Programmed by Frédérick Pelletier
After requiring a heart procedure and spending four days in the emergency ward at Hôtel-Dieu hospital, Philippe Lesage decided to make a film there. Not because he wanted to reveal what we usually see in the media or on TV dramas, but because he was deeply touched by the dedication of the hospital employees who “never seem to sleep.” He spent several days filming inside Hôtel-Dieu. The result is a contemplative piece comprised of long takes showing something we never see: ordinary suffering and the work of the people who try to ease it.
A word from Tënk
If it first presents itself as an observational documentary of a Montreal hospital, the cinematic devices employed by The Heart That Beats take it entirely outside the realm of direct cinema. Philippe Lesage’s camerawork creates tension through the persistence of motionlessness and the duration of shots, rather than the quantity of material recorded. Lesage isn’t “covering” the situation through an accumulation of details; he is distilling the relationships between caregivers and patients by capturing their interactions almost in real time. His camera remains fixed, trained on the patients’ distress without turning away for even a second, and it’s as though we ourselves are unable to pry our eyes away from this all-too-human pain. Visually, there’s no escape from the penetrating frames that can sometimes feel almost cruel―as much for the spectator as for the subject, rendered as immobile as the camera on its tripod as it captures them. It is only the occasional and magnificent music of Schubert and Beethoven that allows us to pass through the real and submerge ourselves deeply and powerfully in emotion. both deep and strong, as it punctuates the film throughout. A tremendously effective film.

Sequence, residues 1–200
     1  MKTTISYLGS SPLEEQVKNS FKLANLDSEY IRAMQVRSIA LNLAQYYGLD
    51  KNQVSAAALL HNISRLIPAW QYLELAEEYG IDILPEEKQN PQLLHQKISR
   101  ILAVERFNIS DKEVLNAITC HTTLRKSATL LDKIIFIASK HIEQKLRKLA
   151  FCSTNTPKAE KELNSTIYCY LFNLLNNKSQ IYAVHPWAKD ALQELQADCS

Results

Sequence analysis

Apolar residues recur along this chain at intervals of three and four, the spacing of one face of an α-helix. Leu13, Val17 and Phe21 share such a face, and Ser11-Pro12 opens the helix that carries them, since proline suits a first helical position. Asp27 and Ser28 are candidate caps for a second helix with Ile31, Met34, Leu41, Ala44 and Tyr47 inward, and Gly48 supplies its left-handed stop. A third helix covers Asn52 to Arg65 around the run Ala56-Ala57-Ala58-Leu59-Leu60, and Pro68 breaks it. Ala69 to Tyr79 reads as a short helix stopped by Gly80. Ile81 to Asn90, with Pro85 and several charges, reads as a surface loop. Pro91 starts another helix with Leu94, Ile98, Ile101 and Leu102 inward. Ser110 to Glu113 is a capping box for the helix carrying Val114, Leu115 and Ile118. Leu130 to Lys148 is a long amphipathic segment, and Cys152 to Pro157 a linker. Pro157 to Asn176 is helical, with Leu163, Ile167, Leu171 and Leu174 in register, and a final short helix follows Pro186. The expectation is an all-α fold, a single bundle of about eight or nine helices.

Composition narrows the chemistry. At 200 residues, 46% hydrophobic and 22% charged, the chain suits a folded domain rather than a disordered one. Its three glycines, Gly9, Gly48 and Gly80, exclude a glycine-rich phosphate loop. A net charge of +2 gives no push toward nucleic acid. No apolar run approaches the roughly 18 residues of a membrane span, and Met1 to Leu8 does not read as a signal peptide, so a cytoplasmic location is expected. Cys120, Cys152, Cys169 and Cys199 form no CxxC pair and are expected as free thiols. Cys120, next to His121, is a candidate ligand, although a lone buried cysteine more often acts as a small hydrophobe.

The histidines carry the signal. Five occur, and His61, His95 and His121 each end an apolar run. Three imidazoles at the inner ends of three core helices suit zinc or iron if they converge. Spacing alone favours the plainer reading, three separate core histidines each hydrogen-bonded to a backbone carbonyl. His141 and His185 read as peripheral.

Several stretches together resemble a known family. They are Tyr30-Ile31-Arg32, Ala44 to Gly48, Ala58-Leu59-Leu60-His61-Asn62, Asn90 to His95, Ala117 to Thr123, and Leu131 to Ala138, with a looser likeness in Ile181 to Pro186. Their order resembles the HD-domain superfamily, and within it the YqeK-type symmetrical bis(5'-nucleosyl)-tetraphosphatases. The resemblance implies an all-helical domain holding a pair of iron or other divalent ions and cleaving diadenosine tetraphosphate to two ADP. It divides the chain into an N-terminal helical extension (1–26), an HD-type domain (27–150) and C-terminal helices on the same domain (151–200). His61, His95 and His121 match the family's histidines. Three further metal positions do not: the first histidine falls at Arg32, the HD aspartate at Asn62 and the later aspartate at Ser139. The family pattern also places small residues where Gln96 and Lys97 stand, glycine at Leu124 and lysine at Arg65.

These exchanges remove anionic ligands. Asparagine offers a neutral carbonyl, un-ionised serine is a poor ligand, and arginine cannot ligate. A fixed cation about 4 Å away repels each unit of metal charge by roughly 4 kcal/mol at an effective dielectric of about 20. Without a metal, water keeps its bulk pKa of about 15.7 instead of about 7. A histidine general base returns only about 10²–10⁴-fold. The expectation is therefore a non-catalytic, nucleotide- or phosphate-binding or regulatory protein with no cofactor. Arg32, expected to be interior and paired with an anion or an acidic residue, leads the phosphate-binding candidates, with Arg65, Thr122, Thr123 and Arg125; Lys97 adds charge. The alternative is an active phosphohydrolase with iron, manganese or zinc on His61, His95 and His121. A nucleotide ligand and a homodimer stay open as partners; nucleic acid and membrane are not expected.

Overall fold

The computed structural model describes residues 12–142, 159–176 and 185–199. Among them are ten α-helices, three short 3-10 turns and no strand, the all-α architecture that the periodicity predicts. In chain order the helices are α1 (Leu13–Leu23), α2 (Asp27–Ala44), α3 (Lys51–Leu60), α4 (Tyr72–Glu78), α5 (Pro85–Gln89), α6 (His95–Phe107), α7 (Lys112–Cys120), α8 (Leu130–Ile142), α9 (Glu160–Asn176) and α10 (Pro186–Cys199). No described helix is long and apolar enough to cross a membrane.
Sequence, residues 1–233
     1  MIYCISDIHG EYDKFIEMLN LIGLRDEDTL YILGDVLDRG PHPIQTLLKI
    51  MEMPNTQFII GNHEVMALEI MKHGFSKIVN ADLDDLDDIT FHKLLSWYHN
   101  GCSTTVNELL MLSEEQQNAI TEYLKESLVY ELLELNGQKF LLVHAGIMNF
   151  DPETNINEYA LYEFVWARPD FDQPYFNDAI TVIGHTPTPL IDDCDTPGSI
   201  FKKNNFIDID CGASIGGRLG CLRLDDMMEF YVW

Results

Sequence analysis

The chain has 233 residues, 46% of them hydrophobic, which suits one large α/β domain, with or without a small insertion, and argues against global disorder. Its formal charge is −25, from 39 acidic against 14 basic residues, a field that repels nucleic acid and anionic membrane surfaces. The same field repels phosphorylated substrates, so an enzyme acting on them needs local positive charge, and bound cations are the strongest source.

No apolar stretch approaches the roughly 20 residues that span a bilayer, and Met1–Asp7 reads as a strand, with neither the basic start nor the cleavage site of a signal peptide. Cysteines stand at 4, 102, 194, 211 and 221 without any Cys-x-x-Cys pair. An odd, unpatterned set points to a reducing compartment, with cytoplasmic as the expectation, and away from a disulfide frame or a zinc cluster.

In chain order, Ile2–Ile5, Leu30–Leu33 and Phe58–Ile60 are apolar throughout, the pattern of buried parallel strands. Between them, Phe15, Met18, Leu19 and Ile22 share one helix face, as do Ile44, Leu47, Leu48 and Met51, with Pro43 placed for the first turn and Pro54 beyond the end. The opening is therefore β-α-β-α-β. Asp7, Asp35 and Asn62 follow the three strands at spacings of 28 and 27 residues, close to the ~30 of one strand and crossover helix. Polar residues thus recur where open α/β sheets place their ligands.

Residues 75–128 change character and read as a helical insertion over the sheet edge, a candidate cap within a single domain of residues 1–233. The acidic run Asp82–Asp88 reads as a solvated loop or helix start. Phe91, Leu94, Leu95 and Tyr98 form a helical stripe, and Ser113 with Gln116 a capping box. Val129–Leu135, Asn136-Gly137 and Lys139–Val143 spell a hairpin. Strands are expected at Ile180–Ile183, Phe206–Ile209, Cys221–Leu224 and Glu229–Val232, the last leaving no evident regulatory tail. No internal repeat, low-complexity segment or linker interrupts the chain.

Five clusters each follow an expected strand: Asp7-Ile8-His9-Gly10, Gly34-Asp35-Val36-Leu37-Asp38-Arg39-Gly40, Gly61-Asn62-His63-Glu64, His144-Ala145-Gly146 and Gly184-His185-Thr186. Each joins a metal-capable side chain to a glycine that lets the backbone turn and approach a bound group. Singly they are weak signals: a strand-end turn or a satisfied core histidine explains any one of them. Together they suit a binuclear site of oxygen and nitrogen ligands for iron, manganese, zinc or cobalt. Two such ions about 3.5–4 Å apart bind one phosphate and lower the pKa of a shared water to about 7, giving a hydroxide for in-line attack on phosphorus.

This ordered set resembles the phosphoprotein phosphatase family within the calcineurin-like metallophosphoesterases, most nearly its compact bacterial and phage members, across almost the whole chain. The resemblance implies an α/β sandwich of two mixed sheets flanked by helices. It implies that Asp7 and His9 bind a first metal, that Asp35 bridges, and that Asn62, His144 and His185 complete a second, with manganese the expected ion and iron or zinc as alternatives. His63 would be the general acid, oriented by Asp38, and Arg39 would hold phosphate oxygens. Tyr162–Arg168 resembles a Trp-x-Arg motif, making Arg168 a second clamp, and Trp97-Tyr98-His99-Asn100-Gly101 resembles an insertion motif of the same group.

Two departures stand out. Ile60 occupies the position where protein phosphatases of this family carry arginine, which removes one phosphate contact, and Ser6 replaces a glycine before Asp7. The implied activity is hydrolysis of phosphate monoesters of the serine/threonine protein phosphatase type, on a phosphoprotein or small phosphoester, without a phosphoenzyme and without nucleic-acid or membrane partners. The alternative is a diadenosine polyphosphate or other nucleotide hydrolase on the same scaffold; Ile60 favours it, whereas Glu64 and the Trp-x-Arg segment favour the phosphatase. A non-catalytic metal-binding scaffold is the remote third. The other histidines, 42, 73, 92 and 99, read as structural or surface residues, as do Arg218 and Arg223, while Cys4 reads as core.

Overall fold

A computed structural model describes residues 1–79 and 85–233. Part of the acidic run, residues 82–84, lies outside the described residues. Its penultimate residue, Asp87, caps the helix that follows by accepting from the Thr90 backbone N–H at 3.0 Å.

Filmmaker and programmer